TL;DR version: Dualism, in all its flavors, is nothing but an attempt to bridge the gap between reality and our conception of it, without actually going to the trouble of empirically traversing it as far as we are able.

    [Is it not reasonable to suppose] that perhaps, as our Earthist views of life eventually crumbled, that perhaps one day our Universist views of life will also crumble, too?

    Perhaps, cl; but that depends on how we define “Universe.” For my own part, I define “the Universe” as “all that exists,” whether or not certain of those existents may interact in any way at all with certain others. In other words, if there are “multiple Universes” (in the common parlance), I see them all simply as “facets” of one single multifaceted Universe. As for whether or not a “multifaceted Universe” is the case, I simply withhold belief one way or another (but I am epistemologically prepared for evidence either way).

    To get at the meat of your question (or at least, as I understand it), a highly qualified “yes” is my answer. Yes, it is possible (as far as I know) for all manner of crazy things to actually be the case, whether or not we have any power to discover, verify, or even conceive of such things – and it is reasonable to recognize that our expectations in any field may yet be wildly defied by reality. However – this is the qualifier I was talking about – whether something actually is the case and whether it is reasonable to believe in that something are two entirely separate matters that depend on a wide variety of factors.

    For instance, suppose that Socrates had had a completely accurate vision of the large hadron collider being used to create and observe low-mass singularities (or, in the error-fraught but exciting lingo of today, “tiny black holes”). Would he have been correct to put a huge amount of epistemological stock in this vision coming true? We know today that he would have been. But would it have been reasonable, rational, or justified for him to do so? Absolutely not. Similarly, were I to suddenly have a vision of the Judaeo-Christian deity spouting some noise at me, I am bound by rationality to discard that as a neurological misfiring – it is simply more likely that I went a little crazy for a moment than that such an entity actually exists as laid out in those books. Were I to place any significant amount of belief in the contents of that vision, true or not, I would be behaving irrationally.

    I think we all have times when we’re feeling metaphysically slutty, so to speak, but we need to remember at the end of the day that, for us to remain rational, we must tie down our actual beliefs to evidence and sound argument. Playing fast & loose with our metaphysics makes for exciting sci-fi and fantasy, and fuels the imagination in ways that can benefit real science – but it is no guide whatsoever to verifiable or actionable facts, and we must be careful not to mix up the two.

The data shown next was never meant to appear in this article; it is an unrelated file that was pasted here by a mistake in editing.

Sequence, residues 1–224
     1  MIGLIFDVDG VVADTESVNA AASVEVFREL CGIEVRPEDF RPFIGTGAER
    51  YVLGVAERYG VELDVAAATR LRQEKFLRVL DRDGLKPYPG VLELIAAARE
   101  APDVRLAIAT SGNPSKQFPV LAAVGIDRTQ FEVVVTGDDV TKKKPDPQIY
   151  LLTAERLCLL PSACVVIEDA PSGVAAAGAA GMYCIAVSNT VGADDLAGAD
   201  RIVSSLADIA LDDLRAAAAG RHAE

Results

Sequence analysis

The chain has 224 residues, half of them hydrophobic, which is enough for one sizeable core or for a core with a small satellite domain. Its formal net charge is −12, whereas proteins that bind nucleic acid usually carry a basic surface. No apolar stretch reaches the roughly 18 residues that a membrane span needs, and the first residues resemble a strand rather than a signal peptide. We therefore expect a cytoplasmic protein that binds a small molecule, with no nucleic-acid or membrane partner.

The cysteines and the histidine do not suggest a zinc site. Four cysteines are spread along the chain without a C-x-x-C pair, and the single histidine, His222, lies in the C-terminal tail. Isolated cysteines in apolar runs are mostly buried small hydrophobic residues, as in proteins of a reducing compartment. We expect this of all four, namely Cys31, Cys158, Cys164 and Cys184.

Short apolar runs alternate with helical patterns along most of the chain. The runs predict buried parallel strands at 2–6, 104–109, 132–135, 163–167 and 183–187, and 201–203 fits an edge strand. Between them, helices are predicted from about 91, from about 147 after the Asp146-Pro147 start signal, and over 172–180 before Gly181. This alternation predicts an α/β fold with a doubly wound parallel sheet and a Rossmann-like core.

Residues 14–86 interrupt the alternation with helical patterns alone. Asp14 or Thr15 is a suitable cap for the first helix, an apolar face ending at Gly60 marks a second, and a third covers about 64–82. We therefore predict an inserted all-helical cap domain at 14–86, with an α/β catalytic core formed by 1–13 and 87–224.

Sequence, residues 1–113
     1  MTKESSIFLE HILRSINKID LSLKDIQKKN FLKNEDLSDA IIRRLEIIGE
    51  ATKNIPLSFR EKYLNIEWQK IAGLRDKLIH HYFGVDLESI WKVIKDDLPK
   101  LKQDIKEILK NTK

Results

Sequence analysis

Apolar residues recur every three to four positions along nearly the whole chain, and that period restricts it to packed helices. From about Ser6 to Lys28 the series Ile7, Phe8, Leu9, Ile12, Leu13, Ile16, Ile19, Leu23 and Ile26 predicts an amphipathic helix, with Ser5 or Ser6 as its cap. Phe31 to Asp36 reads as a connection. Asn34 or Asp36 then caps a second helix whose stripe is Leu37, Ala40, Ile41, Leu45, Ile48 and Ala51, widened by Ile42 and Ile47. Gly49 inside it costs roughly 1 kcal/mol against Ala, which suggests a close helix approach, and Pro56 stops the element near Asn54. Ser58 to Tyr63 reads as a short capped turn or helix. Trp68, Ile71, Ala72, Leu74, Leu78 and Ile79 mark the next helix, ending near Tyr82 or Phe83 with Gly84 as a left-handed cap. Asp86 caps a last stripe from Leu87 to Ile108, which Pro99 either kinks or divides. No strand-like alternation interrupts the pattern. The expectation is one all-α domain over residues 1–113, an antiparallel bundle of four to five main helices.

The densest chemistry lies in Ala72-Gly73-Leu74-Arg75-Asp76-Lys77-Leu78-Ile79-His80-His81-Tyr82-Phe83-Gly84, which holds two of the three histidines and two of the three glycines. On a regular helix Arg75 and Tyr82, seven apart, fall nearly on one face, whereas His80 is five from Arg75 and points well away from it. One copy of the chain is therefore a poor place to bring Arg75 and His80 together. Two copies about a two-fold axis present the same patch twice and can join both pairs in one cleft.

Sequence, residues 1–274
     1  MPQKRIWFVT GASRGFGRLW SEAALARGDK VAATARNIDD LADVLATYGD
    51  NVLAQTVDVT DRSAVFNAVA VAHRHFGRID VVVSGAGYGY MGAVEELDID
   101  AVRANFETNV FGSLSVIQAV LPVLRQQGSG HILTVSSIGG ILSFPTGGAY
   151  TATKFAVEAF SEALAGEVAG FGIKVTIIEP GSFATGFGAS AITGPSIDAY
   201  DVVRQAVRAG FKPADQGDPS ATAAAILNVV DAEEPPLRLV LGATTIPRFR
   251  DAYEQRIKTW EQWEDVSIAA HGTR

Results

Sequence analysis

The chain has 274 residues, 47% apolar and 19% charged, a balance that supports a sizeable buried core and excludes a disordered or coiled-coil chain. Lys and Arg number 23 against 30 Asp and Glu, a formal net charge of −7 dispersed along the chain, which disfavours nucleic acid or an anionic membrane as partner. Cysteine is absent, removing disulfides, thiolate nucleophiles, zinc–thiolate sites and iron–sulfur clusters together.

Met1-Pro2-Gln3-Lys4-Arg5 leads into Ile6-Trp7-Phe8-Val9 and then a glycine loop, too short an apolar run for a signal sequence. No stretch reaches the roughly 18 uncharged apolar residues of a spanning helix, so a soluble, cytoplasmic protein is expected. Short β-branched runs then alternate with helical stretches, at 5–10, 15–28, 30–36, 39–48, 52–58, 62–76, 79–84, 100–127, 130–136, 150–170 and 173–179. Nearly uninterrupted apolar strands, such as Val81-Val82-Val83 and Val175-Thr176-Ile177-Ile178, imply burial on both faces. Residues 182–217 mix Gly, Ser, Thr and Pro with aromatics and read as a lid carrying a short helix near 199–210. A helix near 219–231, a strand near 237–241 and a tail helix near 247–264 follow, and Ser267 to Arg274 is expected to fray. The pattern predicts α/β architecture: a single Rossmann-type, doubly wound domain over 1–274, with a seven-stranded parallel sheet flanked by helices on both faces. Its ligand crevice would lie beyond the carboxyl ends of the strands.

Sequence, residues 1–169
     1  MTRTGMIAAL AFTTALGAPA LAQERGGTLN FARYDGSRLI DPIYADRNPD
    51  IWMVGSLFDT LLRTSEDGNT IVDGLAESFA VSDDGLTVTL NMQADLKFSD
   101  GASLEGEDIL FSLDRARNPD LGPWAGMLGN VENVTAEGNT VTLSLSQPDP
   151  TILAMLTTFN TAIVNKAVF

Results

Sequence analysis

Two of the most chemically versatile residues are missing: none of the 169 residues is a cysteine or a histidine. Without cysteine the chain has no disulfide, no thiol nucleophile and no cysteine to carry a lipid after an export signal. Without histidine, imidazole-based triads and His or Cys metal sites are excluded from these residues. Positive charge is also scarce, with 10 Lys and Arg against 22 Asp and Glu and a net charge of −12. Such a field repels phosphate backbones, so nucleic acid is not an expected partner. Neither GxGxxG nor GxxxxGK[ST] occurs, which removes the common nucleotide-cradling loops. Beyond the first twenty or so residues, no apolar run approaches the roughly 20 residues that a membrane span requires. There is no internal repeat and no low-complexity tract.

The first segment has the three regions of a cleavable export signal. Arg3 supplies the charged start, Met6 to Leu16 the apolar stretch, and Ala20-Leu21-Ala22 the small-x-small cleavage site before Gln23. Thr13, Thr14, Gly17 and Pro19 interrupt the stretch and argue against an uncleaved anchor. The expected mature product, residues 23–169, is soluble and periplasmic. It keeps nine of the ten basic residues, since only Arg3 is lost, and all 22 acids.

At the end of the day, I think the point is that although we can never be absolutely certain whether proposition X is or is not the case (because we cannot have second-order knowledge), it is simply entirely unreasonable for educated persons living at a time such as this to believe in the supernatural, given the overwhelming body of evidence (both formal and informal) that is available to us. At the public level, we must maintain freedom of conscience as a matter of ethics, which means that we are within our rights to believe whatever we want – but to attempt to regulate the lives of others based on epistemologically empty propositions is morally reprehensible, which is why secularism is the way to go.

  • http://www.patheos.com/blogs/daylightatheism Ebonmuse

    I’ve never been able to understand how this idea can peacefully coexist with reincarnation.

    My understanding of the matter is that Buddhism believes the human mind to be made up of changeable aggregates, called skandhas, which create the illusion of a self when they combine in certain ways. When you die, those aggregates can dissolve and recombine into new forms, which are not “you” but which bear the causal imprint of actions they took part in in the past.

    The usual analogy is using one candle to light another, and that one to light still another, and so on. You wouldn’t say that later candle flames are reincarnations of the earlier ones in any meaningful sense, but there is still a consistent chain of causality that flows through the entire series.

  • Jennifer A. Burdoo

    “The usual analogy is using one candle to light another, and that one to light still another, and so on. You wouldn’t say that later candle flames are reincarnations of the earlier ones in any meaningful sense, but there is still a consistent chain of causality that flows through the entire series.”

    I like that concept, actually. There is a strong element of continuity in SOCIETY — not an individual soul, but perhaps an aggregate one of sorts. For example, there is an unbroken chain of American Presidents from Washington to Obama. Even though Obama was elected over a hundred years after, say, Lincoln, the votes were tallied in the same way in 1860 as in 2008, through the electoral college. Things have changed — new categories of people are permitted to vote, for instance — but the basic process is still there.

    I feel the same way about individual “souls.” I don’t expect to live on in any way that would allow me to sense things (and I find particularly telling the point that a soul would not, technically, have any senses to do soul-things WITH). But my genes will live on, and so will my ideas and beliefs. Whether I simply share them with others, or teach them to friends and family. My mother lives on not just in my genes but in my memories — the latter is not a tangible sense at all, but it remains meaningful to me nonetheless.

    And what more do I need?

  • Emrys

    In short, we’re susceptible to reification.

    Heh… Rhetorical question: Do numbers “exist”? What kind of “thing” is a number?

  • http://www.myspace.com/driftwoodduo Steve Bowen

    Plato’s fallacy was to divide the world into categories, and then assume that the categories themselves were real things that existed in their own right.

    That’s the bit I was missing.Thanks

  • J